Evolution Of Human Resource Management

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According to Merriam-Webster, the term human resources started in the 1960s and is defined as “a department within an organization that deals with the people who work for that organization” ("Human Resources," n.d., p. 1). In this assignment I will discuss the evolution of human resource management, workplace trends affecting human resources, strategic positioning of HR, the major objectives of human resource planning, key tools HR managers utilize to improve performance, and the challenges for creating buy-in for support of a strategic human resource function.
When companies began using Human Resource departments (called personnel) before the second World War, they served an administrative function. These departments were responsible
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The next transformation to occur with Human Resource departments in the late 1980s was coined as the “New” HR (Groysberg et al., 2006, p. 2). This new evolution brought HR into a strategic role within the company. The department acted like a business within a business – dealing with “leadership and talent development, promotion of organizational learning, succession planning, and dissemination of knowledge” (Groysberg et al., 2006, p. 2). This new strategic HR strived to deliver actions that could help execute the company’s goals, motivate employees to align with company strategy, and directly help implement goals.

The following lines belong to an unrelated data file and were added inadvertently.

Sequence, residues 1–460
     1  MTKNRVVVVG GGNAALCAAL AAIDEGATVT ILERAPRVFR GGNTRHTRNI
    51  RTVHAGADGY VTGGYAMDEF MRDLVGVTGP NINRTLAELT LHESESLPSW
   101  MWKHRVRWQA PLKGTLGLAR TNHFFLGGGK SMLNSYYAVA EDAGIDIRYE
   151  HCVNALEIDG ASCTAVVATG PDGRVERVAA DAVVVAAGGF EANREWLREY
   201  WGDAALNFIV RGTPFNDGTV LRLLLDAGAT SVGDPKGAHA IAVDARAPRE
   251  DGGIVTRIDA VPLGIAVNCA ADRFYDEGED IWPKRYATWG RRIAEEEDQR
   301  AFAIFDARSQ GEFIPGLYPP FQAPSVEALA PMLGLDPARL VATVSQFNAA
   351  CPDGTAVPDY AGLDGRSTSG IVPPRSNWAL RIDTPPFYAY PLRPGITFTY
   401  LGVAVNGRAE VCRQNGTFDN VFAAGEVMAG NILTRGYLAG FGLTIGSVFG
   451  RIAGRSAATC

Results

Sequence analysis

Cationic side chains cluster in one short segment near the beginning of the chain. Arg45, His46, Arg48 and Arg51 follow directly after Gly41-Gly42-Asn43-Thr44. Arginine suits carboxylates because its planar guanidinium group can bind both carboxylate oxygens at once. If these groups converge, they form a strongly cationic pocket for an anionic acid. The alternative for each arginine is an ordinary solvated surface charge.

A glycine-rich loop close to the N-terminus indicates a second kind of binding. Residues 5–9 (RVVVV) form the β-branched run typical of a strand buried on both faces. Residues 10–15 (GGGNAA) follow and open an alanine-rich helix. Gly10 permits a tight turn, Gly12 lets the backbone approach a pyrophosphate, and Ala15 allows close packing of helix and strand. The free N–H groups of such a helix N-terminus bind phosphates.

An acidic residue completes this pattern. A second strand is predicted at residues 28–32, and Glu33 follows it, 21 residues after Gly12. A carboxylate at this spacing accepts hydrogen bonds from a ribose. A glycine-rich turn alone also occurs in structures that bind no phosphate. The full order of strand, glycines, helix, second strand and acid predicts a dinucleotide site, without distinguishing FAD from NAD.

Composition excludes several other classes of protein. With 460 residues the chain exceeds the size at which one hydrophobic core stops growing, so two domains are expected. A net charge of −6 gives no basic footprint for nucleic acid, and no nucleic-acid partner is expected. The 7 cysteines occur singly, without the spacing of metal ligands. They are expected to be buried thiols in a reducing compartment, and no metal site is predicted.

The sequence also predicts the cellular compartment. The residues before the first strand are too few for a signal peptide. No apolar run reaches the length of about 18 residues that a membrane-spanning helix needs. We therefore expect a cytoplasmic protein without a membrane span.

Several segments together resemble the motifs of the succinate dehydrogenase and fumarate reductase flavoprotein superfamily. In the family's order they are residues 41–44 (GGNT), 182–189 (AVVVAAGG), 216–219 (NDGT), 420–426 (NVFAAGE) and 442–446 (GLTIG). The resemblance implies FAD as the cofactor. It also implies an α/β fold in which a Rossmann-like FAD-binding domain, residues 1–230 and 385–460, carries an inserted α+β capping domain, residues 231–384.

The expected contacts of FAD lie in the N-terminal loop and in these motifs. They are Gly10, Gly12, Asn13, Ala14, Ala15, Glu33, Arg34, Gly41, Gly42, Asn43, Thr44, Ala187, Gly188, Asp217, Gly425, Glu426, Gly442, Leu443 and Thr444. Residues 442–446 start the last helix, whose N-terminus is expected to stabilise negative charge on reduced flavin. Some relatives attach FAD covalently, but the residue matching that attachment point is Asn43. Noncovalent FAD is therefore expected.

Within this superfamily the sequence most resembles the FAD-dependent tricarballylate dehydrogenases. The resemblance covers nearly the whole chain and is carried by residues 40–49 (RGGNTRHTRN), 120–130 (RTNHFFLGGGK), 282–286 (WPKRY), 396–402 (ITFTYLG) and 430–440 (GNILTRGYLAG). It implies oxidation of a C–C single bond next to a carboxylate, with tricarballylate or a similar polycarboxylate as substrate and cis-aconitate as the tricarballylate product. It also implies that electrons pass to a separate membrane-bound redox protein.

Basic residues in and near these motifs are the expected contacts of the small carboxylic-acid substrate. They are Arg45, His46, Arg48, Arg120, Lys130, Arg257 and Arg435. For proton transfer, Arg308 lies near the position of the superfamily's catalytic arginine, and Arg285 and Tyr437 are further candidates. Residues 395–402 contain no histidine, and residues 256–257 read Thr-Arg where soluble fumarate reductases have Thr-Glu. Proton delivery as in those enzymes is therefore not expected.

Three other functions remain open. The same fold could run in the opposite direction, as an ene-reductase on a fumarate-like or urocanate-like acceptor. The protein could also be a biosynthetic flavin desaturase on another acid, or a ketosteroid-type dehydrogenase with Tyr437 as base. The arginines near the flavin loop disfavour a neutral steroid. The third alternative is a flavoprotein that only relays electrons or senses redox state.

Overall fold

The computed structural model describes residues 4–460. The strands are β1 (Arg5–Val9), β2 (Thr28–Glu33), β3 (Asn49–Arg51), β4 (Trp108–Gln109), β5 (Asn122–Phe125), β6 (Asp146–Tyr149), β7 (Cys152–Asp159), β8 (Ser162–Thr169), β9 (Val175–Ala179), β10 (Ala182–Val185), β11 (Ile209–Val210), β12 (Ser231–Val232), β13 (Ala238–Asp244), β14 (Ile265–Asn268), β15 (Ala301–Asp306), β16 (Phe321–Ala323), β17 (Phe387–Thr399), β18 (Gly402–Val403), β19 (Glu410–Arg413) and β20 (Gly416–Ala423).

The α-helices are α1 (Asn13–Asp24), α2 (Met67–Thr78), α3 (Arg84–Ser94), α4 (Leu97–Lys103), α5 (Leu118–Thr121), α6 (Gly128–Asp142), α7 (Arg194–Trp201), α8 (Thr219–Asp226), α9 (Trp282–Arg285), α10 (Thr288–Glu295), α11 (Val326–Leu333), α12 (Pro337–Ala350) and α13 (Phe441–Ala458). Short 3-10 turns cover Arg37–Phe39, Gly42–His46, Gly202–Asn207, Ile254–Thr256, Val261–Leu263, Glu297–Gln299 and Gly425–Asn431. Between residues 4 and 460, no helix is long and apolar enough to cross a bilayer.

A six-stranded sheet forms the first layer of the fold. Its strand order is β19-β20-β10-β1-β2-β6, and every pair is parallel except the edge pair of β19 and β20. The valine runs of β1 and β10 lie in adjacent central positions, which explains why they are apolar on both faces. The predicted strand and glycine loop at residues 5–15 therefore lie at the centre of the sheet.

I believe there is a significant difference between the two types of HR. When HR is serving an administrative function, it is dealing with tasks that could potentially be outsourced or done by computer programs. The strategic role for HR enables capable leadership, builds organizational culture, increases productivity, fosters innovation, and builds customer loyalty (Roberts & Hirsch, 2005).
According to the Society for Human Resource Management (SHRM), the current trends affecting HR today are: a more competitive global business landscape, impacts of information and communication technologies, complex legal environments and ever-changing laws, an aging workforce and pending retirement of the Baby Boomer generation, a lack of skilled workers, economic instability,
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